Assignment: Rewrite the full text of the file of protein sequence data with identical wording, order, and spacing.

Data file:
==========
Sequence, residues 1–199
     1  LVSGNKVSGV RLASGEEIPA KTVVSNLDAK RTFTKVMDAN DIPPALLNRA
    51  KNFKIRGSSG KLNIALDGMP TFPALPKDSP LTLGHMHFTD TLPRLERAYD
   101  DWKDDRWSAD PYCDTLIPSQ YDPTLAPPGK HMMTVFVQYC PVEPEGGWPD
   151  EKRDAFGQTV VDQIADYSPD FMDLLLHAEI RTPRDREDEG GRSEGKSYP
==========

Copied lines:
Sequence, residues 1–199
     1  LVSGNKVSGV RLASGEEIPA KTVVSNLDAK RTFTKVMDAN DIPPALLNRA
    51  KNFKIRGSSG KLNIALDGMP TFPALPKDSP LTLGHMHFTD TLPRLERAYD
   101  DWKDDRWSAD PYCDTLIPSQ YDPTLAPPGK HMMTVFVQYC PVEPEGGWPD
   151  EKRDAFGQTV VDQIADYSPD FMDLLLHAEI RTPRDREDEG GRSEGKSYP